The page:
We noted earlier in the summer that the Cabinet Committee, the National Science and Technology Council, had been disbanded by the new Administration. We learned today, this very morning, that there is to be a revived committee, the National Science and Technology Council, to be chaired by the Chancellor of the Exchequer. Is this going to be a Cabinet Committee in the way the previous committee was?

Ms Ghani: Thank you, Chair. Can I first of all congratulate you on returning as Chair? It is nice to have a constituency neighbour in the post. May I take a few moments to introduce myself, because I believe it may be the first time the sector has come across me?

Chair: Of course.

Ms Ghani: I know there has been some anxiety that there has not been a Science Minister about. I was very keen to come to you early, even though I have only been in post a few weeks, not only to make sure that I am available to you and to be the best champion for the sector that I can be, but to calm any jitters: I do exist; there is a Science Minister. Whether I was on the Front Bench or the Back Benches previously, I have always aimed to be the best champion that I can be for the sectors that I take care of. I hope to do the same for science, technology, innovation and R&D as well.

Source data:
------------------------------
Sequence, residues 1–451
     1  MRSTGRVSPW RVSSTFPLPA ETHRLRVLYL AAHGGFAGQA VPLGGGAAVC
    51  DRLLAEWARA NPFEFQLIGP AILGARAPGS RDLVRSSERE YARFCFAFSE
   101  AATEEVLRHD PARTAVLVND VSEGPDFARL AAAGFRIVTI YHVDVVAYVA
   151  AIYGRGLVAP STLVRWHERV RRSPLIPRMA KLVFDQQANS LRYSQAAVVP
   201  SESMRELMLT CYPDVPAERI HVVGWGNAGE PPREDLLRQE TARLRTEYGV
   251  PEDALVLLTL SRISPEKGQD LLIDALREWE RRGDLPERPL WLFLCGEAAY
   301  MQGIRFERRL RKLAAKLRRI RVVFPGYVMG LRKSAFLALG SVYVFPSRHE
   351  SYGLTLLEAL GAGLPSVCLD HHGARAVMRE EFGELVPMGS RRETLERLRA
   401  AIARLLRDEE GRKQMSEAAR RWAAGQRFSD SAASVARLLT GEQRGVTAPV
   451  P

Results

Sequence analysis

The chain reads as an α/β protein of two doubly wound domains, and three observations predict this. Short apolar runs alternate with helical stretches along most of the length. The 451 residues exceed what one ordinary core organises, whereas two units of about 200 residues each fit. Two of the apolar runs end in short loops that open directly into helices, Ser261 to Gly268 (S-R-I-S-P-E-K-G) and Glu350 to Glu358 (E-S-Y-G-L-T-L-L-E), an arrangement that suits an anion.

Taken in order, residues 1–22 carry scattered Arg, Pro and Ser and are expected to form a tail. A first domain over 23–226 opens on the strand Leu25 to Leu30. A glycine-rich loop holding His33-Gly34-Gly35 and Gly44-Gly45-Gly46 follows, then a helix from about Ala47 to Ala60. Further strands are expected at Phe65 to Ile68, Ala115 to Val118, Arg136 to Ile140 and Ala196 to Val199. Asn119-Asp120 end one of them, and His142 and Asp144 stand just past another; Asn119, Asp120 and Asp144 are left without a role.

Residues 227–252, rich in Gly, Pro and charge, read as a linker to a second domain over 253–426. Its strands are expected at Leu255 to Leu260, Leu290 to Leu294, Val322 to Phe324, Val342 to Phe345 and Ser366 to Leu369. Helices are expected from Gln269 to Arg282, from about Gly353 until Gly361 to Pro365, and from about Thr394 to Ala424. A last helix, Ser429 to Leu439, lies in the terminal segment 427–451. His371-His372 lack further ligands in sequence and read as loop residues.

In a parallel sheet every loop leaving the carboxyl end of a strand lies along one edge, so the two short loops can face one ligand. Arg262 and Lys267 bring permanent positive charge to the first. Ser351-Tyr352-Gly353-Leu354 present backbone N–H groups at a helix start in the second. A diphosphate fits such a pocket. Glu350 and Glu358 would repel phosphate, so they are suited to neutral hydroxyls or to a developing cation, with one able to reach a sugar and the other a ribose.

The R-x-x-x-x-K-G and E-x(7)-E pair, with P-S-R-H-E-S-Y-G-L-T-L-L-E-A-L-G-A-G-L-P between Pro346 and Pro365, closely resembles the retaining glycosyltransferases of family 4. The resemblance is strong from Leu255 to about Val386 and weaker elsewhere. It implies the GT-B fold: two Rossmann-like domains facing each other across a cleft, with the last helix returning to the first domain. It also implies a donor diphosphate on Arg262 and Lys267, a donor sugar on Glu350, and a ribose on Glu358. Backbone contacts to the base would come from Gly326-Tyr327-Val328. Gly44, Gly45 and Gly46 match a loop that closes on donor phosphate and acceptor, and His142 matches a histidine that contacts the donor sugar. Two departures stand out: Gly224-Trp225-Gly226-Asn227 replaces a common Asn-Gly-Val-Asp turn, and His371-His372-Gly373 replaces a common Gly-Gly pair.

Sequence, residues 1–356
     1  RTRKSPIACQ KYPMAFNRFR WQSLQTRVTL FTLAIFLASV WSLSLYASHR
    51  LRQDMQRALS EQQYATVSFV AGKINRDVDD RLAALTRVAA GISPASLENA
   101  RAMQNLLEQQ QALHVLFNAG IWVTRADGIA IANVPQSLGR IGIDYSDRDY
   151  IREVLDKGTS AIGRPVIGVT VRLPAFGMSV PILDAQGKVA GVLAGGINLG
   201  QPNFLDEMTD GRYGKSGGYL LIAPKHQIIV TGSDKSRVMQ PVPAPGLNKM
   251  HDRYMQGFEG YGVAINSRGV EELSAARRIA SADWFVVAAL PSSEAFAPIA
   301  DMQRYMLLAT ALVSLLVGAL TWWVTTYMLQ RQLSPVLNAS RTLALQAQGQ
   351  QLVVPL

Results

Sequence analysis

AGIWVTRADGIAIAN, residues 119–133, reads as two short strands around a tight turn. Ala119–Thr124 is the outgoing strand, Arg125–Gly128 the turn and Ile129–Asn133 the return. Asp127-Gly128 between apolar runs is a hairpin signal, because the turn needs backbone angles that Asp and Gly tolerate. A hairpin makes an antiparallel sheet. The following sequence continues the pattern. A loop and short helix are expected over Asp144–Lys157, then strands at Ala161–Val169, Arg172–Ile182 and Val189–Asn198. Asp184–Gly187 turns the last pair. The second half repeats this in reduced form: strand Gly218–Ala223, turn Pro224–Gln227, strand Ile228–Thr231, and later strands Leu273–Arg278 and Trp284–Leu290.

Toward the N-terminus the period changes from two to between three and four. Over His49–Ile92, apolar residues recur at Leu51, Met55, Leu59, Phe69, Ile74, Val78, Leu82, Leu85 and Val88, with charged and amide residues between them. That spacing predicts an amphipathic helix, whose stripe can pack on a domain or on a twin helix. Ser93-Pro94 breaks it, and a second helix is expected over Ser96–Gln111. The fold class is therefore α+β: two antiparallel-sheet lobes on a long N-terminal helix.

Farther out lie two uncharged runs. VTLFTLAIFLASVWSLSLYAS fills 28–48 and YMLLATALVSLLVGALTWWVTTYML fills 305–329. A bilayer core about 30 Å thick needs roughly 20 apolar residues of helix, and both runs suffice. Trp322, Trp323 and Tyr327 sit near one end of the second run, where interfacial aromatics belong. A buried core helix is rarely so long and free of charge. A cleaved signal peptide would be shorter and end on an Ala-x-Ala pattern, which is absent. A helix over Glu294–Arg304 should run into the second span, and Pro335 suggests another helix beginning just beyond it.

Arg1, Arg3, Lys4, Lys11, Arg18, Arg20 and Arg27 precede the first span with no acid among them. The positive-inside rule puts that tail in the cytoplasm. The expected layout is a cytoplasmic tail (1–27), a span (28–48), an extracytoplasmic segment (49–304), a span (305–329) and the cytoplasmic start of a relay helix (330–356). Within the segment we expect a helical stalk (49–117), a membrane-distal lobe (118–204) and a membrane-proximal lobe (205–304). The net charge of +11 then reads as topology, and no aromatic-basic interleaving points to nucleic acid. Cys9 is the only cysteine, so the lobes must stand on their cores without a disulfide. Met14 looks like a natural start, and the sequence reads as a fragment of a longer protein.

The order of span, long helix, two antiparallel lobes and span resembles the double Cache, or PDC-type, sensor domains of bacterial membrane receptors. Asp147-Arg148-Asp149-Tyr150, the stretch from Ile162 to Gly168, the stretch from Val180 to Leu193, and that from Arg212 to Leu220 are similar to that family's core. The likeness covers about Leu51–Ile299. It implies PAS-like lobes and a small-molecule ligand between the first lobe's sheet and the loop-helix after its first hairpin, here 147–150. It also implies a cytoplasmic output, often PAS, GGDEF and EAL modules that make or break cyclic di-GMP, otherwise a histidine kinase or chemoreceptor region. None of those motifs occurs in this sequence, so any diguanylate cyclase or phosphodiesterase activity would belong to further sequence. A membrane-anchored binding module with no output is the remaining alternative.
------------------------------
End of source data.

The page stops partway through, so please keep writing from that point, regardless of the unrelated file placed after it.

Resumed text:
You have also taken a bit of my thunder. I was hoping to announce that any anxiety about the National Science and Tech Council was one I also had when I first arrived. I was going to say that I am pleased to announce that it has beenyou used the word “revived”. I would have said having a good Minister in place meant that I was able to pull all the right levers and make sure the committee was in place again. Who stole my thunder, I dare ask?

It will be led by the Chancellor. What is really important is I will be there; my Secretary of State will be there. It will be ministerially focused and driven. It is a great opportunity to get everybody in Government to be clear about the data on science and R&D, and to show why it is value for money, how it helps the Government deliver their agenda on being inclusive, greener, knowledge-driven, and for me to have an innovation-driven economy. That is hopefully what I can bring to the table.